Sunday, February 28, 2010


Yesterday I was in Islington for an afternoon of learning to jive. It was modern jive and apart from the basic step was very similar to salsa in all the spins we did. I thought it would be more jumpy up and down! Which dance am I thinking of peeps? Is it actually jitterbug? Or does modern jive get more jumpy as you learn more?

Aaaaanyway, a knitter can't go to Islington without going to Loop. It's much smaller than I thought, or than it seems in the magazine shoots. Cunning. More estate agents should learn that photographic skill. It was also stuffed with people on a Saturday lunch time, some tourists from up north, some students and a couple of young mums with enormous push chairs cluttering the place up. One was wanting to do her first ever knitting project and had chosen a baby cardi, and the other was going to help her, and was adament that she should do the thing in flat pieces and sew them up and not make life easy for herself and use circs to do it all in one piece. Sigh. How about starting with a scarf anyway?

It was yarn p0rn-erama though. I was quite restrained and only spent [cough]£75[cough].

Madelinetosh tosh sock in Jade. MTosh yarn keeps cropping up in some lovely projects online, so I'm looking forward to trying this out. Perhaps Loop will stock the DK soon.

Malabrigo sock in Rayon Vert. The greens are much more emeraldy in real life. Soft as Malabrigo always is.

Sea Silk in Pewter. I've always wanted to try this because it's got seacell in it, made from seaweed. I think this is destined to become a lacey scarf. It's gorgeous and silky and sheeny and I love the colours.

Colinette Jitterbug in Lichen. This looks like it should be sproingy like Koigu.

All of these yarns just could NOT stay in the shop and had to come home with me in a yes-you-are-a-big-spender-haha! fancypants cotton Loop shopping tote bag. You know when you get a free fancy bag they're going to have a huge smile on their faces when you leave the shop. Hey ho. Singlehandedly keeping industry alive...

There are some lovely shops between Angel tube station and Loop though. At the end of Cross Street is an amazing fishmonger, it had everything, including an enormous salmon. Seriously, this thing was about 4 ft long. There is a groovy flea/antique market in Camden Passage on Saturdays, and there are some big name boutiques and a lovely Art Nouveau antique jewellery shop. Also lots of little knicknackery shops which looked good to explore. Trouble is when you commute all week the last thing you want to do is go back up to London at weekends! So, I am recommending it to you guys - let me know how you get on.

Monday, February 15, 2010


Finally, I started work on one of last year's new year's resolutions. Ideally one day I'll be making one of those amigurumi ninja vampire things, but for now I'm starting out with granny squares. Or hexagons. Whatever.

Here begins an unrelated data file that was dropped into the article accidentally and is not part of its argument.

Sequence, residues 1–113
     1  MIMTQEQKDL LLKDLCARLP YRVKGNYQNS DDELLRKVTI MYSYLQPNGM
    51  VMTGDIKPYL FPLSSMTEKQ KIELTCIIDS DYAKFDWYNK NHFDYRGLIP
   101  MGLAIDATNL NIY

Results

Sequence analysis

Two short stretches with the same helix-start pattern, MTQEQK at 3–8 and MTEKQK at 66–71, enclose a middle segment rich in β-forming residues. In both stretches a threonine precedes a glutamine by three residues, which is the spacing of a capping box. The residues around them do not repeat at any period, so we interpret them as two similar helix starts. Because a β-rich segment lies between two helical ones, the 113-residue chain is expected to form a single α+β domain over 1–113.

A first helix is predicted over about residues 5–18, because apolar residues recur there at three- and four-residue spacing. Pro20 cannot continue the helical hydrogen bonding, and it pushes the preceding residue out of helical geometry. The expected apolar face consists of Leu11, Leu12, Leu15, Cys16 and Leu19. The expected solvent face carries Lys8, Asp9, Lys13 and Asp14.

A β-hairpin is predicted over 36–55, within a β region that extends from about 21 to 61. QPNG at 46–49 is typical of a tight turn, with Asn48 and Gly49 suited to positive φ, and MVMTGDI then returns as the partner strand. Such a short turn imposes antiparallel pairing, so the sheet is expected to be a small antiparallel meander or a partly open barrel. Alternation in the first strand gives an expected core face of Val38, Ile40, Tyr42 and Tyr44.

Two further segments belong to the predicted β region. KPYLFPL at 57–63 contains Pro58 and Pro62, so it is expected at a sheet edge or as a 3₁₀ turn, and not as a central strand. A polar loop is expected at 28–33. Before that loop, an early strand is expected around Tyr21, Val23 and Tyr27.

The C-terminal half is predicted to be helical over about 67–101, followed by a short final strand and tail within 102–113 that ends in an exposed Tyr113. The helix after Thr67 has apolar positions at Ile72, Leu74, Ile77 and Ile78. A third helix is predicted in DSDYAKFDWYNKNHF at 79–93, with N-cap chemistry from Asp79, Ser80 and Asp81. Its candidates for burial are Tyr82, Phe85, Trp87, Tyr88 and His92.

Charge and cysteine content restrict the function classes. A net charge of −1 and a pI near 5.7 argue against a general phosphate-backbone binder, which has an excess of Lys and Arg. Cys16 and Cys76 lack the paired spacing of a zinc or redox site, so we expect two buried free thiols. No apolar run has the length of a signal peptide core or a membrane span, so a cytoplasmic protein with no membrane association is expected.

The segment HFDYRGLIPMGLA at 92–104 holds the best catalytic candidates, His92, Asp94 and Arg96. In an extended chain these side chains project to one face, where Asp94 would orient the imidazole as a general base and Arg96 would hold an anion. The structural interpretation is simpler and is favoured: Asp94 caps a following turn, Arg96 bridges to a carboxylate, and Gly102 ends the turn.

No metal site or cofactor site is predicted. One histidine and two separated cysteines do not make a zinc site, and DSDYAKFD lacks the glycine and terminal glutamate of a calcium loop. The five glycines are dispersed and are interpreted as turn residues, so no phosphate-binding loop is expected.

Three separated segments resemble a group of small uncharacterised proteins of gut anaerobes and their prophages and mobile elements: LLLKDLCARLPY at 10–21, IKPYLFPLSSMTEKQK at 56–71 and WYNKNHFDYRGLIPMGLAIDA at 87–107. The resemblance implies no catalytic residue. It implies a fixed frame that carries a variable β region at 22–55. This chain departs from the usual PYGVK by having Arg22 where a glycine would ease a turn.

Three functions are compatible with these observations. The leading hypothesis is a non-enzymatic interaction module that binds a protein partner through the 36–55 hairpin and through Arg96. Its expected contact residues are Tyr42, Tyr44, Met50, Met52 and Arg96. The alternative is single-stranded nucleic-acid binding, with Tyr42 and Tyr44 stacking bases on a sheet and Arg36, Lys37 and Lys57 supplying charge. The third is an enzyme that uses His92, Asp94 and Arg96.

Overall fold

I'm using Aragon Yarns Classic Romney because I have all the colours in plentiful supply. :)

Here is the first hex! Hurrah for patterns that write things out in longhand with notes! Thanks Attic24 for assuming the reader knows nothing, because indeed, I know nothing. Really Obvious Information is gold dust for me.

I also purchased a swift, as previously mentioned. This is a sunflower swift, as opposed to one of those umbrella swifts, as some of the girls at knit group recommended this sort.

It definitely does the job. In fact, it spins so freely you have to wind like crazy to keep up. I may have to work out some kind of dampening mechanism. But it doesn't eat yarn and it keeps an even tension which are both Good Things for me.

So despite the physio prescribing me a Slob Day, which I booked in for Sunday, it seems I am completely rubbish at such things. Instead, I fixed the new front door dead bolt, did some hoovering, then mum called and asked if I wanted her to come over and help me make curtains out of the fabric I bought on Saturday. Reasons against: that is not slobbing, and I had man flu. Reasons for: I hadn't made curtains since I was about 16, couldn't remember how, was terrified of cutting the fabric in the wrong place, was scared about the pattern matching, and have dubious skills at machine stitching a straight line. Also we may have people wishing to use the room next weekend and I'm sure they'd appreciate some window coverage. So, some help, and help now, would be Excellent.

The fabric I'd bought was in the sale at our local haberdashery and fabric sort of place (half price at £11.50/m!) and is sort of silk look with embroidered flowers. Hey, it's for my craft room, I can be as girly as I like! The sales girl also sold me some brushed cotton lining, which is thicker than just normal cotton lining so you can sort of make it look like the curtains are almost interlined. Sort of. It's on the way at least. And these are not big sumptuous curtains for a fancy window so 'on the way' was just fine with me.

Here is mum hard at work hiding behind her hair with one curtain done (bar the bottom hems) hanging up behind her. She got a bit excited and wanted to see what they looked like.

Its soooo much nicer working with two of you! Especially on big things like curtains, so you can pull from opposite ends to make it flat. One can cut and the other sew. Hurrah for teamwork.